The AIDS pandemic in the mid 1980’s created out-and-out fear in communities around the world. Reaching out to those who suffered with HIV/AIDS was almost inconceivable in those early years of the disease. The reaction of the Catholic Church led by Pope John Paul II in 1987, as one of the first leaders of any major faith was unprecedented. During the first papal visit to the city of San Francisco on September 17th, 1987, he urged communities that “God loves you all, without distinction, without limit. He loves those of you who are sick, those who are suffering from AIDS…He loves all with an unconditional and everlasting love.”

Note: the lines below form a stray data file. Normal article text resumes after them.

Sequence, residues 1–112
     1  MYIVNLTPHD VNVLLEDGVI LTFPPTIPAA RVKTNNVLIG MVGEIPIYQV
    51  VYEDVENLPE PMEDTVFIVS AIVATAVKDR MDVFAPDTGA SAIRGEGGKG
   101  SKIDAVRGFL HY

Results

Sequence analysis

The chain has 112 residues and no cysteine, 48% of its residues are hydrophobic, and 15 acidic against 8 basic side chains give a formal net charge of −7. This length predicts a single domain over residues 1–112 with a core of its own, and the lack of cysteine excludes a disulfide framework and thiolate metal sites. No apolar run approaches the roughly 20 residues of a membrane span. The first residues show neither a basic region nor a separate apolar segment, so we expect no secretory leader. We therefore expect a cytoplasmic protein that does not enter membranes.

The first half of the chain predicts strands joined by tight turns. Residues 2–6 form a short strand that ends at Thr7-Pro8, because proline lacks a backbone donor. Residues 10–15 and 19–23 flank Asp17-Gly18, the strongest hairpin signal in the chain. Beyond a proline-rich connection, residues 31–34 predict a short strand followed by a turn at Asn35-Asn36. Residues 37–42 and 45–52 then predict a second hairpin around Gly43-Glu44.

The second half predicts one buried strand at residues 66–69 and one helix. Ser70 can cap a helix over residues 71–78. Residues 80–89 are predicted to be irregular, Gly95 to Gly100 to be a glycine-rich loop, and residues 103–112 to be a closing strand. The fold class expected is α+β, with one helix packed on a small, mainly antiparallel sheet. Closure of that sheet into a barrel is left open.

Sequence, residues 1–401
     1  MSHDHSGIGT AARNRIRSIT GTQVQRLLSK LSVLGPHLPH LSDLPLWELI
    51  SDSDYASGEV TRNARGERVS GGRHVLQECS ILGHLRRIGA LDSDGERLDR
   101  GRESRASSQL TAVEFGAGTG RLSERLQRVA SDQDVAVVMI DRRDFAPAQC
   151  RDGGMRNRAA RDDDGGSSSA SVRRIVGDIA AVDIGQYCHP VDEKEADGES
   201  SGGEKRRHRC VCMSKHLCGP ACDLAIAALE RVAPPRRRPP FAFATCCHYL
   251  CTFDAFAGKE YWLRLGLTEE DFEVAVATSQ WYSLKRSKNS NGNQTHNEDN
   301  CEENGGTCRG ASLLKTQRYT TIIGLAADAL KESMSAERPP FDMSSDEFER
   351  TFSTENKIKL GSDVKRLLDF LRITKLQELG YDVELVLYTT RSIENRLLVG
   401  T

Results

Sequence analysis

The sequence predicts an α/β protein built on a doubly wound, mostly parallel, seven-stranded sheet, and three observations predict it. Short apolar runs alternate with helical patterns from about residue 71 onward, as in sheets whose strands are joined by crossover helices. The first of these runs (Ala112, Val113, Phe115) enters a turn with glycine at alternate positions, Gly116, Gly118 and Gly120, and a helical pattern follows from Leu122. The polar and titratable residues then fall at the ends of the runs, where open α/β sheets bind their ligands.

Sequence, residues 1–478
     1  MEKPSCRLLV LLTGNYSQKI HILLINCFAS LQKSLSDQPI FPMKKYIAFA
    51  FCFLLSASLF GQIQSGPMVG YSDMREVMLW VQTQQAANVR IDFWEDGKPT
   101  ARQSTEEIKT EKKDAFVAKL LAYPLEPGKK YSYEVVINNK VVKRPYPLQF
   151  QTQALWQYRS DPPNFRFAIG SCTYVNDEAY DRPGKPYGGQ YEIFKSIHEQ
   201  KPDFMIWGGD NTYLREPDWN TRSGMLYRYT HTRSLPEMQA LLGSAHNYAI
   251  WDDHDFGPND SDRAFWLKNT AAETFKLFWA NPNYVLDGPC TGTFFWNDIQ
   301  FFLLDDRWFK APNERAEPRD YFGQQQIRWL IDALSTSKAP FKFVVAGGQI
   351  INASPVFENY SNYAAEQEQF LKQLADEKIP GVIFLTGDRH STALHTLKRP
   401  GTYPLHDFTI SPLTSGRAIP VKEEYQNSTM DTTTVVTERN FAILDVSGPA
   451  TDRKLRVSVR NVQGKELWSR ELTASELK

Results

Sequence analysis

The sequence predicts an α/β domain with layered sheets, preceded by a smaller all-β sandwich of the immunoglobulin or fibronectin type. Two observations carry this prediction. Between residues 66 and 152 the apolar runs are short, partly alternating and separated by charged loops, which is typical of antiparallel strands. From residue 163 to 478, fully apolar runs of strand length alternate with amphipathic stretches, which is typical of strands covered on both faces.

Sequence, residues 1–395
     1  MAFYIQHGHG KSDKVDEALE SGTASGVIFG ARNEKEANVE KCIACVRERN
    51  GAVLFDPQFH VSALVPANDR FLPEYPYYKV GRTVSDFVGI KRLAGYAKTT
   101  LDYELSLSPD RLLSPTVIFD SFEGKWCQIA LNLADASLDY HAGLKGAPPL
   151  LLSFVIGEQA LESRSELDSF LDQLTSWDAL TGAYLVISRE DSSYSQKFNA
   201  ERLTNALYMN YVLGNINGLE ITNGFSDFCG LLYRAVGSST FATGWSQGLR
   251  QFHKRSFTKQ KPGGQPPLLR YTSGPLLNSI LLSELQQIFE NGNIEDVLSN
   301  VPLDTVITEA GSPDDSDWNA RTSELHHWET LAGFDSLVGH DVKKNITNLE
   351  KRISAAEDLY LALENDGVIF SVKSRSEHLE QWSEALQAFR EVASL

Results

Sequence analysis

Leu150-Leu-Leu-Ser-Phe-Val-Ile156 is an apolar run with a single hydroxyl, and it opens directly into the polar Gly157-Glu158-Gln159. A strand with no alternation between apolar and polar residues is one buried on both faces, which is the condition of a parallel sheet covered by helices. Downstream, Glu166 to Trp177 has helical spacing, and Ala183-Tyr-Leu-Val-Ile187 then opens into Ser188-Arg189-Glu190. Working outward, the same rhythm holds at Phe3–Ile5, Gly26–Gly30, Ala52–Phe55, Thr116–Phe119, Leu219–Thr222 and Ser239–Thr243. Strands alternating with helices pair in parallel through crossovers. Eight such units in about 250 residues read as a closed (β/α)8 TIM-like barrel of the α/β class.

His pastoral sensitivities to people affected with AIDS was no better illustrated to the world than when he held and kissed four-year old Brendan O’Rourke who was living with AIDS (contracted from a blood transfusion). He went on to bless and comfort many others on that day who were suffering from the disease at the Mission Dolpres Church. But it is the image of the heartfelt embrace between the pontiff and the four year old boy that endures as a striking symbol of acceptance and love.
Photo credit: I make use of the emotional image of Pope John Paul II hugging Brendan O’Rourke under the rationale of fair use for purposes such as criticism, comment, news reporting, and research. In short, it enables me to makes an important contribution to the reader’s understanding of the article, which could not practically be communicated by words alone.